Are you dreaming of a white Christmas? You might have to settle for a warm and dry one, relatively speaking.
The National Oceanic and Atmospheric Administration released their 2017/2018 winter outlook on Oct. 19, and they are predicting drier and warmer conditions for our part of the country.
Beaufort County has a greater than 50 percent chance of experiencing a drier-than-normal winter, and more than a 40 percent probability of experiencing a warmer one.
The possibility of a La Nina will influence how our winter shapes up, according to NOAA. There is currently a 55 to 65 percent chance of one occurring.
“If La Nina conditions develop, we predict it will be weak and potentially short-lived, but it could still shape the character of the upcoming winter,” said Mike Halpert, deputy director of NOAA’s Climate Prediction Center in a NOAA press release. “Typical La Nina patterns during winter include above average precipitation and colder than average temperatures along the northern tier of the U.S. and below normal precipitation and drier conditions across the south.”
That means that while we will be experiencing a warmer and drier winter, large swaths of the north will be bracing themselves for a cold and wet long haul. A sizable middle portion of the country should experience a normal winter according to the outlook.
While the Lowcountry might experience a warmer and drier than normal winter this year, it does not mean that you should plan on going sunbathing in January. Last month the National Weather Service in Charleston released a statement on the possibility of a La Nina causing a warmer than average winter and The Packet discussed the particulars with Carl Barnes, a weather service meteorologist.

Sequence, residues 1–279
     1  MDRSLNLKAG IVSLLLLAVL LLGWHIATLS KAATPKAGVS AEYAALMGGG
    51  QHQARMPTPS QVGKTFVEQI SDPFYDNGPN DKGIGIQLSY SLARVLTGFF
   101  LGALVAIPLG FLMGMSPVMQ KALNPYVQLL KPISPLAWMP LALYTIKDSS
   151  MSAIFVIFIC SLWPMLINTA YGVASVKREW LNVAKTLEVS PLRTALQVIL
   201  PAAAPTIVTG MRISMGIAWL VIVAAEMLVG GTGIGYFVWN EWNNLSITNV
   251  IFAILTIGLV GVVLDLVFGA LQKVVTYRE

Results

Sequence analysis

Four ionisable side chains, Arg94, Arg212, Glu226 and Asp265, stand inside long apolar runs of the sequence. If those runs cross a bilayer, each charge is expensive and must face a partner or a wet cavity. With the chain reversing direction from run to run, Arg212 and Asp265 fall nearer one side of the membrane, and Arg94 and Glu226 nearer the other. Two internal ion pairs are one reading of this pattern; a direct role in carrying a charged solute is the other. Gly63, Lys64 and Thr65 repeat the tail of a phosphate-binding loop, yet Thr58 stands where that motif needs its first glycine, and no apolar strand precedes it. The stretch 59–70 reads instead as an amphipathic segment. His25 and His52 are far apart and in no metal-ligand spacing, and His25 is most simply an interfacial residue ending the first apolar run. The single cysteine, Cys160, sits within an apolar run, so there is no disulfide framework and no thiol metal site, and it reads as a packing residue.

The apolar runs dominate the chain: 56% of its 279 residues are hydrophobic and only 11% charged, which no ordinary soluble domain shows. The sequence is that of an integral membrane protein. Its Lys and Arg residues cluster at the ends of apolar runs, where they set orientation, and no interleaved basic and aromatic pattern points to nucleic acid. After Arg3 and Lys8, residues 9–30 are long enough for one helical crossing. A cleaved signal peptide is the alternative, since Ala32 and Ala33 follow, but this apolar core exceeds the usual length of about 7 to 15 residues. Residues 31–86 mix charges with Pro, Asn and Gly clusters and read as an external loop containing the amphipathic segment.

“Overall it is expected to be drier and warmer than normal, but just because we are overall drier and warmer doesn’t mean that we’re not still going to set some potentially record low temperatures or not going to have some really rainy, washout type days,” said Barnes in the Sept. 23 interview. “It’s just a trend, and like any climate trend it isn’t necessarily reflected in the day to day weather. It is an average over a longer term period.”
Besides La Nina, NOAA discussed other factors influencing their winter outlook, including the Arctic Oscillation, which has bearing on how much arctic air makes its way to the south and is more difficult to predict than La Nina.
NOAA puts out its seasonal outlooks in an effort to help communities prepare for coming weather trends according to their press release. In doing so, they hope to reduce the negative impacts that weather can have on the population. They have even partnered with the National Weather Service to create a guide to help people prepare as winter approaches.